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Grise Fiord, Nunavut

Grise Fiord, (Aujuittuq Place That Never Thaws) is a small Inuit hamlet, Qikiqtaaluk Region in the territory of Nunavut, Canada.

Geography

Grise Fiord is the northernmost civilian settlement in North America, but was eclipsed by Alert as the North America's northernmost community when Environment Canada and the Canadian Forces began to station permanent personnel there.

Located at the southern tip of Ellesmere Island, Grise Fiord is one of three permanent settlements on the island. Grise Fiord lies 1160 km (720 miles) north of the Arctic Circle.

Grise Fiord lies in the Arctic Cordillera mountain range which is the only major mountain system east of the Canadian Rockies.

Living conditions

Transportation

Grise Fiord is connected to the rest of the world by Grise Fiord Airport.

Climate

The climate in Grise Fiord is severely cold. Grise Fiord has an arctic climate, which means that there is less than 250 mm precipitation, and temperature stays well below zero Celsius for more than eight months of the year.

The lowest recorded temperature in Grise Fiord was -62.2 °C (-79.6 oF). The highest was 22.3 °C (72.1 oF).

Crime and safety

A Simon Fraser University study of Royal Canadian Mounted Police (RCMP) activity in the Baffin Region states that Grise Fiord had the lowest rate of criminal offences of all communities looked at in 1992, and cites a 1994 Statistics Canada survey that gives the highest perception of personal safety.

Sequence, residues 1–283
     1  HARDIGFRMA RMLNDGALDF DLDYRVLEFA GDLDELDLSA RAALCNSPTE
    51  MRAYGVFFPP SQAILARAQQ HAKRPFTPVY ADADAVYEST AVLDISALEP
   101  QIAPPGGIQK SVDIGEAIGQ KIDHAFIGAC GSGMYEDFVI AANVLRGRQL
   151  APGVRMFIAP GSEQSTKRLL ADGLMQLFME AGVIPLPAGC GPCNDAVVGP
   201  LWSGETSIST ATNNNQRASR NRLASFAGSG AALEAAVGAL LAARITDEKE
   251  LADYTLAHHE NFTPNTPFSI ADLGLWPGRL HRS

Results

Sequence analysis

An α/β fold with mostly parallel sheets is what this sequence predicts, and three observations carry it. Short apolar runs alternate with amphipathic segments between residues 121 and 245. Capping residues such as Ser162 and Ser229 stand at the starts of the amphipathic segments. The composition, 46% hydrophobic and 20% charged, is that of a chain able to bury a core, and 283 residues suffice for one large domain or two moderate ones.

History

Settlement

The settlement (and Resolute) was created by the Canadian government in 1953 to assert sovereignty in the High Arctic during the Cold War. Eight Inuit families from Inukjuak, Quebec (on the Ungava Peninsula) were relocated after being promised homes and game to hunt, but the relocated people discovered no buildings and very little familiar wildlife. They were told that they would be returned home after a year if they wished, but this offer was later withdrawn as it would damage Canada's claims to sovereignty in the area and the Inuit were forced to stay. Eventually, the Inuit learned the local beluga whale migration routes and were able to survive in the area, hunting over a range of 18,000 km² (6,950 mi²) each year..

In 1993, the Canadian government held hearings to investigate the relocation program. The Royal Commission on Aboriginal Peoples called the relocation "one of the worst human rights violations in the history of Canada". The government paid $10 million CAD to the survivors and their families, but as of 2007 has yet to apologize.

Telephone network

In 1970, Bell Canada established what was then the world's most northerly telephone exchange (operated since 1992 by Northwestel).

Naming

Grise Fiord was named by Otto Sverdrup from Norway. The name means "pig inlet" in Norwegian. Grise Fiord's Inuit name is "Aujuittuq" which means "place that never thaws."

See also

Other settlements on Ellesmere Island

References

External links

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